Thursday, April 14, 2016

April 14, 2016 -- A Quick Run Around the Web

"Stab into the femoral at an upward angle, then twist the knife as you rip it out.
That way not even a tourniquet will be able to save his soul." (Source)

Some shooting/self-defense articles that I found interesting:
  • "5 Tips to Improve Your Handgun Grip"--American Concealed. Remember what I recently wrote about periodically reviewing the basics? This article covers a few of those basics.
  • "Occluded Eye Aiming – Using Your Scope Like a Red Dot"--Lucky Gunner. A technique to use a scope for up-close shooting. Note: This technique only works if you have an illuminated reticle. The author writes: " Careful observers may have noticed that in the title picture I have the objective lens cover of my rifle’s scope closed. At first glance it may seem like a simple goof, but it’s actually because I’m using a technique called occluded eye aiming. Occluded eye aiming takes advantage of our natural binocular vision, and our brain’s ability to merge information from both eyes into what we perceive as a single image. In the case of occluded eye aiming we merge the image of the scope’s reticle onto the image of the target."
  • "Improve Your Shooting By Embracing Your Natural Point of Aim"--My Gun Culture. I've always noted that one should try to find a handgun that points naturally for you when looking for a defensive pistol. This article delves into the issue of "natural point of aim" as to rifles, shotguns, and handguns. 
  • "Articulation Wars"--Rory Miller at Chiron. Miller observes that acting in self-defense is often simply a matter of self-defense common sense. But you are going to have to explain afterward why you acted as you did, and that is where things can get complicated. He discusses articulating your motives and actions. Part 2 to his article is here.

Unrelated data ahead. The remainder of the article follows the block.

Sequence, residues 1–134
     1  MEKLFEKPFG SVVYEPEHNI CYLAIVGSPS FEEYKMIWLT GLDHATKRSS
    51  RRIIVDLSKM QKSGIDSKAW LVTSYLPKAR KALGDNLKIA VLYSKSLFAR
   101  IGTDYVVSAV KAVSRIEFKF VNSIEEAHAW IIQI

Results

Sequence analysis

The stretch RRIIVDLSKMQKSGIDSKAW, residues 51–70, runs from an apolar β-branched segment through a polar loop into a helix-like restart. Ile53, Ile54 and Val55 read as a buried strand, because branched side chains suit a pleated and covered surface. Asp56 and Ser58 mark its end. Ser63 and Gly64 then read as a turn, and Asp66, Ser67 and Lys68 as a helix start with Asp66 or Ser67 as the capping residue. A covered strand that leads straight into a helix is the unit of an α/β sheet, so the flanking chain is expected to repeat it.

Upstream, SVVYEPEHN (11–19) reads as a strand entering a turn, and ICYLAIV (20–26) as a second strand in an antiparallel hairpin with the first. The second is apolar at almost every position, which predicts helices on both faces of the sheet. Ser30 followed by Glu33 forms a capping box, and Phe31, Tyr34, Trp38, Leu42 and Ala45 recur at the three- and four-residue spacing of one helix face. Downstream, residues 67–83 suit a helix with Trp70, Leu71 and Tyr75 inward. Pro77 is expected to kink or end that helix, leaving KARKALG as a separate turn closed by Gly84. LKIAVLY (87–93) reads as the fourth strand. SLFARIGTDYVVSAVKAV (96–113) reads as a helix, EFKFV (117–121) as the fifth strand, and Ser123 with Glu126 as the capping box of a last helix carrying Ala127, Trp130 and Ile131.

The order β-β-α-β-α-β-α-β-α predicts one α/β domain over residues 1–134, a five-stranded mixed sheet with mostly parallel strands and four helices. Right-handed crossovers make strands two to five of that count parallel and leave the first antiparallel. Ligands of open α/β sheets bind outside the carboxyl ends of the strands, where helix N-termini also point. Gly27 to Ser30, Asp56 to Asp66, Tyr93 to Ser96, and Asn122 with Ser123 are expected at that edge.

• "'It’s a training issue.' I don’t think that means what you think it means."--Grant Cunningham. He writes:
This is why the phrase “it’s a training issue” is like a gigantic red warning light to me. Too often that phrase is used to gloss over inordinate resource demands and to deflect attention from the possibility that the equipment or technique isn’t as efficient as another might be. It can also be a sign that the subject at hand is being used or chosen out-of-context: it might be an acceptable use of resources in its original environment (say, the military), but a poor use in the world of private sector self defense. Wishing issues away by saying that it’s a training issue can be a way of ignoring the reality that it isn’t a good choice for the job.
  • "Why You Shouldn’t Just Shoot Someone In Your House And Sometimes Life’s Out Of Your Control"--Limatunes Range Diary. The example the author uses is her unexpected encounter with two strangers in her living room: it was her child's new school teacher and associate there to introduce themselves; and even though the author had locked her house doors, her 4-year old had let the women into the house.
  • "The 5.56mm Service Cartridge"--Loose Rounds. An article on getting the most (including long distance shooting) out of your 5.56/.223 rifle.
  • "Brushbeater Talks Knives"--Mason Dixon Tactical. The types, uses, and selection of various outdoor/survival knives. That is, a discussion of the type of steel, shapes of the grind on blades, size and so on.
  • "The AR-15 Drop-In Trigger Roundup"--The Truth About Guns. TTAG has tested a baker's dozen (13) different drop-in triggers for the AR comparing take up, creep, break, overtravel, reset, and pull weight between the different triggers, and using a standard mil-spec trigger as a control.
(Update: 4/15/2016--corrected typographical error)

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